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Author: Subject: Chalk composition: CaCO3 vs CaSO4
fusso
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[*] posted on 22-9-2019 at 07:34
Chalk composition: CaCO3 vs CaSO4


https://www.youtube.com/watch?v=iksYmkSTzmQ
From TKOR's vid their bought chalk don't dissolve in HCl. They also provided a DIY recipe using CaSO4. What's the difference between CaCO3 and CaSO4 chalk?




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RedDwarf
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[*] posted on 22-9-2019 at 08:31


If you're talking geologically or chemically then chalk is calcium carbonate, but the word chalk is often used to describe other (compressed) powders such as blackboard/sidewalk chalk, billiard chalk or climbing chalk (normally but not always magnesium carbonate) which can be of different compositions. Context, as ever in language, is everything!
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fusso
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[*] posted on 22-9-2019 at 09:00


I'm talking about writing/blackboard chalk.



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PirateDocBrown
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[*] posted on 22-9-2019 at 15:32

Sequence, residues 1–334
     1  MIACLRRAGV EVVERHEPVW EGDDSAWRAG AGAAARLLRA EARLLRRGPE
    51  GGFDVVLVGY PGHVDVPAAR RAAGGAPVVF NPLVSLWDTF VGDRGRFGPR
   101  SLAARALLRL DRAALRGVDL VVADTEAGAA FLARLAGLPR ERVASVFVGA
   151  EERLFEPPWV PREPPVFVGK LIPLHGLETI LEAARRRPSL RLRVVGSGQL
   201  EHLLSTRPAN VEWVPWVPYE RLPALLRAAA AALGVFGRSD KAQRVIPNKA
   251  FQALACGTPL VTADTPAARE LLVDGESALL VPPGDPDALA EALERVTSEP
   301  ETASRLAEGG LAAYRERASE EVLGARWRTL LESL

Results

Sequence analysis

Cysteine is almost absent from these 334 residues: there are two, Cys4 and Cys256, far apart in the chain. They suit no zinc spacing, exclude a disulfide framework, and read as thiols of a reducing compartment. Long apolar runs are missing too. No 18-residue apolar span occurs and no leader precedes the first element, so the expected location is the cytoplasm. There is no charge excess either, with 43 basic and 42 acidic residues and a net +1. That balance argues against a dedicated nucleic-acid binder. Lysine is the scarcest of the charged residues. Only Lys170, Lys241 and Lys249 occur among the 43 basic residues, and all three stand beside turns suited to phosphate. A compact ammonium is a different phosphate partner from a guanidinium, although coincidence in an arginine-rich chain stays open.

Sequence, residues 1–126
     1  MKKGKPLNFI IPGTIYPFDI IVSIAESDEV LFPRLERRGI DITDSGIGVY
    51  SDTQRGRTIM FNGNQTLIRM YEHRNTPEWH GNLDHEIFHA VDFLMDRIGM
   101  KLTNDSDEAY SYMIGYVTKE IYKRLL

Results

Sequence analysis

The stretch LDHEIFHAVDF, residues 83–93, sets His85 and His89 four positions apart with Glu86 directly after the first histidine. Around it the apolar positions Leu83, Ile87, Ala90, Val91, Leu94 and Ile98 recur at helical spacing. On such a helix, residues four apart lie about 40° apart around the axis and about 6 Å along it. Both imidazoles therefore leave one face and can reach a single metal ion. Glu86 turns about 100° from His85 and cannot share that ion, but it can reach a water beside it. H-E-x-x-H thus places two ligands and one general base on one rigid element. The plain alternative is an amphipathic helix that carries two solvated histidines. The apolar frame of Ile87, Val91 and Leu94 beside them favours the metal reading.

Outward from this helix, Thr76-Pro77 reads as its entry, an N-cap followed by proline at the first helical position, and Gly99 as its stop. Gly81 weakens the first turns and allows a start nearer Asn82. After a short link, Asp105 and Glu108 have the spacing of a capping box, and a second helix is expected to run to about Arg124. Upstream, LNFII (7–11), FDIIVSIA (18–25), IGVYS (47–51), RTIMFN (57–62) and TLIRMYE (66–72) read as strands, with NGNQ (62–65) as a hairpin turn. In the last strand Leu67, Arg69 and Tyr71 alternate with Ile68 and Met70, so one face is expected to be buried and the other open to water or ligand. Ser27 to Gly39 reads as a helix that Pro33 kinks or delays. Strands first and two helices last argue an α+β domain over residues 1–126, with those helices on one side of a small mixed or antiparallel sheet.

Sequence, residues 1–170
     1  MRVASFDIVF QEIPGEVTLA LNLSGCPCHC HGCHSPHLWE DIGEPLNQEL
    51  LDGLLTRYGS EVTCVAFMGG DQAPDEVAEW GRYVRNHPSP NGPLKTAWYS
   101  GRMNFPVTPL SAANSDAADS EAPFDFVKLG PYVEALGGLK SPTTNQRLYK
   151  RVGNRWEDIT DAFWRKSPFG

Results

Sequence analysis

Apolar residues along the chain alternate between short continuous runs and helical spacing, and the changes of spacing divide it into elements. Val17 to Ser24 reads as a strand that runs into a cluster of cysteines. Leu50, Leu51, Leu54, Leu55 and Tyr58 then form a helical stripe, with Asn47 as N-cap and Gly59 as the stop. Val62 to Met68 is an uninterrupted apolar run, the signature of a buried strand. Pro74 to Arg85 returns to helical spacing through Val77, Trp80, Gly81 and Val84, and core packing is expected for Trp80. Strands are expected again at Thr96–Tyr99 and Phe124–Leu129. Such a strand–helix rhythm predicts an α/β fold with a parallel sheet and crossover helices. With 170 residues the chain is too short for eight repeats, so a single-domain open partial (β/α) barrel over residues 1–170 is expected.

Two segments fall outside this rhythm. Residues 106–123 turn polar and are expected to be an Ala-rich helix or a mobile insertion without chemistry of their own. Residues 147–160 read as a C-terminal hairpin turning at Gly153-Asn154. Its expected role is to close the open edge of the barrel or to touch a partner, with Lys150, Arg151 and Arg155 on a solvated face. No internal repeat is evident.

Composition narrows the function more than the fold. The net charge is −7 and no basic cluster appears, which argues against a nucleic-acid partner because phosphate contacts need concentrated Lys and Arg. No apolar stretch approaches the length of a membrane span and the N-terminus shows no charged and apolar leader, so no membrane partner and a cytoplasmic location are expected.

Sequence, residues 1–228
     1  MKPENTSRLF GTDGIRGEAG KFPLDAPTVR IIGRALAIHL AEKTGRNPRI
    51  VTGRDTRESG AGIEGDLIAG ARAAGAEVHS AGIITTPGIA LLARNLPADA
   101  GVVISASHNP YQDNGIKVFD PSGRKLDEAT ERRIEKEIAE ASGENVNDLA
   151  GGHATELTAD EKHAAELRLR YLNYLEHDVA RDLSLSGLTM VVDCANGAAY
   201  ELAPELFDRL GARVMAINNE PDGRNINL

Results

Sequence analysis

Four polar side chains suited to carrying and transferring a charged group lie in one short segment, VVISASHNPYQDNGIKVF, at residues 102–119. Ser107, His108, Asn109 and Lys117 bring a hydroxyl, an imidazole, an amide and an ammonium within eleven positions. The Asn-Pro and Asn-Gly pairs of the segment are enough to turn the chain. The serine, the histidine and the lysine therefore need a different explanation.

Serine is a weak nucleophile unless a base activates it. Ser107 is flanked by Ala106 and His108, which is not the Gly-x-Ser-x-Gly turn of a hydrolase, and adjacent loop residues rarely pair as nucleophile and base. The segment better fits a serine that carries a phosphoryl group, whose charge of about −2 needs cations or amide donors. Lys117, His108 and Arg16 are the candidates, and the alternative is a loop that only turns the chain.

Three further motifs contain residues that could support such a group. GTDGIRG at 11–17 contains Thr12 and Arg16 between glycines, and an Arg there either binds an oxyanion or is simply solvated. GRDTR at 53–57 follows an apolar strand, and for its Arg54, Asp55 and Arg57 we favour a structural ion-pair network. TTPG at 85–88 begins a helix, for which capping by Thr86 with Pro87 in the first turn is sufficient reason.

Blackboard chalk is almost always gypsum, CaSO4.2H2O.




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zed
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[*] posted on 2-10-2019 at 13:32


As I recall, gymnasts may utilize CaCO3 chalk.

I'll check!

Well, I checked, and I stand corrected. Seems Gymnast's chalk may be MgCO3.

Plenty of other sources of CaCO3. At least, if you are in the USA.

[Edited on 2-10-2019 by zed]
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hodges
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[*] posted on 2-10-2019 at 14:50


Years ago, I remember reacting chalk board chalk with an acid and getting CO2. So the chalk I had was definitely a carbonate. I don't know what chalk board chalk is made of these days. I didn't even realize it was still made given most boards being white boards these days. I guess a few vendors still have chalk boards with ads on them on sidewalks outside their shops.
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Sigmatropic
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[*] posted on 2-10-2019 at 14:55


Lime, as in lime stone is also calcium carbonate. Giving quicklime on calcination, in turn giving slaked lime on hydration. Also calcium chloride is available as a desiccant. At least one of these is bound to be in your local hardware store.
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